Son of the 6 for $5 Bin
February 7th, 2010 by slangon

Well, Super Bowl is upon us. Today we will not only find out who the best team in the NFL is, but we’ll find out where Cy Seymour is going to spend the next month. But in the meantime, we got some baseball cards to post. Here’s “Pack 3” from the 6-for-5 bin.

1979 Topps #417 Nolan Ryan / Walter Johnson All-Time Record Holders

Poor unsuspecting Walter. Little does he know that in a few years, that youngster sitting next to him on this card would also break the record that landed Walter on this card. Actually, as of today, Walter has tumbled all the way from first in career strikeouts to ninth. That’s rough, Big Train. Also, I’m not sure why, but I never remember Nolan Ryan actually smiling on any of his baseball cards. Because of that, I also imagine him talking like Clint Eastwood.

1974 Topps #460 Boog Powell

I wasn’t nearly alive back in 1969, when the Mets beat the Orioles in the World Series, but my dad was, and I clearly remember him telling me all about that series. I also remember being particularly fascinated with Boog Powell because, well, because his name is Boog, and what 6 or 7 year old wouldn’t be fascinated with a grown man named Boog? In a full-circle-of-life sort of way, these days I’m more fascinated with the fact that Boog’s given name is John Wesley. I can’t help but wonder if he was intentionally named after the notorious outlaw.

1977 Topps Cloth Stickers #42 Tom Seaver

I’ve been noticing that out of all these forays into the 6-for-5 bin, very few cards from my favorite team have been surfacing. Of course, when you look at the cards I have been getting out of there, it’s pretty obvious that they’re mostly Hall of Famers. Considering the number of Mets in the Hall, it shouldn’t surprise me that there’s not a lot of Mets in there. I do sort of remember the box having way more Cincinnati era Seavers than Mets era Seavers. I wonder what’s up with that.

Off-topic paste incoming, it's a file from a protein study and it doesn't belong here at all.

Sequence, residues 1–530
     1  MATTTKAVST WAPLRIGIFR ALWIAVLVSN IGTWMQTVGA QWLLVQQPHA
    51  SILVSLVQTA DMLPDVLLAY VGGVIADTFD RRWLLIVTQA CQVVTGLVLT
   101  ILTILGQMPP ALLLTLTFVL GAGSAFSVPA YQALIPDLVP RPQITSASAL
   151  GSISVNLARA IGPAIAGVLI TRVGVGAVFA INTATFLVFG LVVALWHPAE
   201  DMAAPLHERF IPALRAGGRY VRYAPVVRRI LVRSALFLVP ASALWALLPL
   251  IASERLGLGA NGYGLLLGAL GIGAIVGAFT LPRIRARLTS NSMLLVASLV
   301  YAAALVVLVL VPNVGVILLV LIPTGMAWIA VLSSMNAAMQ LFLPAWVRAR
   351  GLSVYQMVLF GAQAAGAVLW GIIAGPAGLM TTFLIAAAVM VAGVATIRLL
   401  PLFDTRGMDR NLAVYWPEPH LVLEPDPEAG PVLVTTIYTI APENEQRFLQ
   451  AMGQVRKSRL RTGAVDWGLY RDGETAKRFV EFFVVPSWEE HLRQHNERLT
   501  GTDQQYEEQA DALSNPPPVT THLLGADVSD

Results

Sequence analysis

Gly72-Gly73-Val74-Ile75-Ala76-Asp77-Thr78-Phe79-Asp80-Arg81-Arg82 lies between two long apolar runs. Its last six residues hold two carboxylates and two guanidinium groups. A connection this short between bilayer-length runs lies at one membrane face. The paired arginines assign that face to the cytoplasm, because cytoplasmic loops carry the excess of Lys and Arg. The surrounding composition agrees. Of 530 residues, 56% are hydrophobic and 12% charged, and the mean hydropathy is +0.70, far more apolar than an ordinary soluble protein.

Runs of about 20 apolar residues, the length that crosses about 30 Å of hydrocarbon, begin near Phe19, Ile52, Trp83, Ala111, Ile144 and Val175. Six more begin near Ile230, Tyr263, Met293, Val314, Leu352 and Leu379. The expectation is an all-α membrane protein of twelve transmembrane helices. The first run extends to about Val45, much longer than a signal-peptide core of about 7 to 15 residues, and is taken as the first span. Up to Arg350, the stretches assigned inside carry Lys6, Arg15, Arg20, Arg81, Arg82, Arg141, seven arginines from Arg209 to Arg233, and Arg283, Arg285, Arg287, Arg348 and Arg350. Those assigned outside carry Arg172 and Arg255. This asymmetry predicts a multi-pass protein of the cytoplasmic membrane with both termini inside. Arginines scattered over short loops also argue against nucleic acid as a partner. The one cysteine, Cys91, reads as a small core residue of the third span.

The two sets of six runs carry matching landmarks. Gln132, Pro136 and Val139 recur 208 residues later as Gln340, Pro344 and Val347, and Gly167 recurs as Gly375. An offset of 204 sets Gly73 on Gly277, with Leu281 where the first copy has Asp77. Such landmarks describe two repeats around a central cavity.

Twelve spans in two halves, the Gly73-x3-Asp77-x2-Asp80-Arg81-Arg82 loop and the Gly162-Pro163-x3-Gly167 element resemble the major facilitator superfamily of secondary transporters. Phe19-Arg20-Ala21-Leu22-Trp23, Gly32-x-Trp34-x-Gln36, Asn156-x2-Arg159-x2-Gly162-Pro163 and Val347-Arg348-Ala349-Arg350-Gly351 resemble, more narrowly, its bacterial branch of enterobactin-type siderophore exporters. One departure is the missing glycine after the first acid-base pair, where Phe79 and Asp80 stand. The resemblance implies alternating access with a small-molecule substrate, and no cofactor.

1967 Topps #210 Bob Gibson

You know that little breathless feeling you get when you’re opening a pack of cards and you realize that you’ve got some sort of hit on your hands? That excitment you feel before you realize it’s just a plain white jersey swatch of Angel Berroa? Well, I felt something similar, but better ,when I was thumbing through the rows of cards and came across this one. I can’t quite put my finger on it, but I think this is one of the most visually pleasing cards that I own.

1970 Topps #579 Detroit Tigers Team Card

As I’ve mentioned many times on the blog in the past, I’m a big fan of team cards. I will further mention that I especially like old team cards just for the fact that they usually include some guys in suits. I find it kind of funny that these over-weight, very non-athletic looking gentlemen elbow their way onto a baseball card alongside of these young, athletic guys.

1969 Topps #12 N.L. Strikeout Leaders

This is the second League Leader card from ’69 that I got featuring Bob Gibson. Unlike the all-Bob version, this one also features fellow Hall of Famer, Fergie Jenkins. One of the things I love about League Leader cards is when you have guys who are pretty much no-brainers to be on the card, as is the case with Gibson and Jenkins, but then have some guy that’s kind of out of left field, like Bill Singer. I mean, no offense to Mr. Singer, but before I laid eyes on this card I had no idea of his existance. But now I see that for at least on year, Bill had more strikeouts than the likes of Juan Marichal, Tom Seaver, Jerry Koosman, Don Drysdale and Nolan Ryan. Good for you, Bill.

Well, that’s another $5 in the pocket of the local card shop owner and another 6 sweet vintage cards in my pocket.

Enjoy the Super Bowl everybody, and I’ll post the winner of the Cy Seymour giveaway either tomorrow or Tuesday.

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